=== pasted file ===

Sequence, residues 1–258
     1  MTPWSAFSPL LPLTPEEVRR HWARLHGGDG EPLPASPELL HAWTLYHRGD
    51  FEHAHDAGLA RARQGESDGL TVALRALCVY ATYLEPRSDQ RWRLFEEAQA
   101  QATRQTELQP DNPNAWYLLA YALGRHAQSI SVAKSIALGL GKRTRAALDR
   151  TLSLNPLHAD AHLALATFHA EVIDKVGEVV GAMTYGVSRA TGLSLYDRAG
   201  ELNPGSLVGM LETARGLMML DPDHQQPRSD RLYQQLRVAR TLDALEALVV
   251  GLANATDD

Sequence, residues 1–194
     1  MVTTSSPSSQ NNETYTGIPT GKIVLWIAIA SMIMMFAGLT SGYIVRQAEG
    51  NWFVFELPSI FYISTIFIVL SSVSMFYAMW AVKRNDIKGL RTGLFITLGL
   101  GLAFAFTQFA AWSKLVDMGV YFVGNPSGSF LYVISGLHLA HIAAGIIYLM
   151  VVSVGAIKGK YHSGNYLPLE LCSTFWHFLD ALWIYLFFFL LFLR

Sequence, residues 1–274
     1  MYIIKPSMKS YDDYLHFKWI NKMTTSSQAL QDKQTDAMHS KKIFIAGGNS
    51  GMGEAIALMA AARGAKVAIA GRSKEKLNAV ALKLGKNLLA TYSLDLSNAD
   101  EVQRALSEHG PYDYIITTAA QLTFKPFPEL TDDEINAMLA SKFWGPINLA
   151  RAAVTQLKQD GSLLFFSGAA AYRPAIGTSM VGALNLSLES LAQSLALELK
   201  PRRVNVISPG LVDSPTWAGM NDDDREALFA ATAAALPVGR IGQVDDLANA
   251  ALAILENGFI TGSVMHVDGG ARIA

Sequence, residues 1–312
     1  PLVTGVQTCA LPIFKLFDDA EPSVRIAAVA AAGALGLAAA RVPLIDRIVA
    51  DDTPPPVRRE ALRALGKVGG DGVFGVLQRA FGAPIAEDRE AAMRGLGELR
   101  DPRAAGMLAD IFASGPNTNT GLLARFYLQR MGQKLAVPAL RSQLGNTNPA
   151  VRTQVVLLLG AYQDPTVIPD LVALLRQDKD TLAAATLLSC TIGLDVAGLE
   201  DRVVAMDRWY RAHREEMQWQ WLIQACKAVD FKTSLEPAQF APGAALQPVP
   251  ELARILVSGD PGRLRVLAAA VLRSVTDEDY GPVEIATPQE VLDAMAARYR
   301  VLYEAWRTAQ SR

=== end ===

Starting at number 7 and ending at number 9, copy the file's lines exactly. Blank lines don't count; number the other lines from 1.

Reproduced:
   251  GLANATDD

Sequence, residues 1–194
     1  MVTTSSPSSQ NNETYTGIPT GKIVLWIAIA SMIMMFAGLT SGYIVRQAEG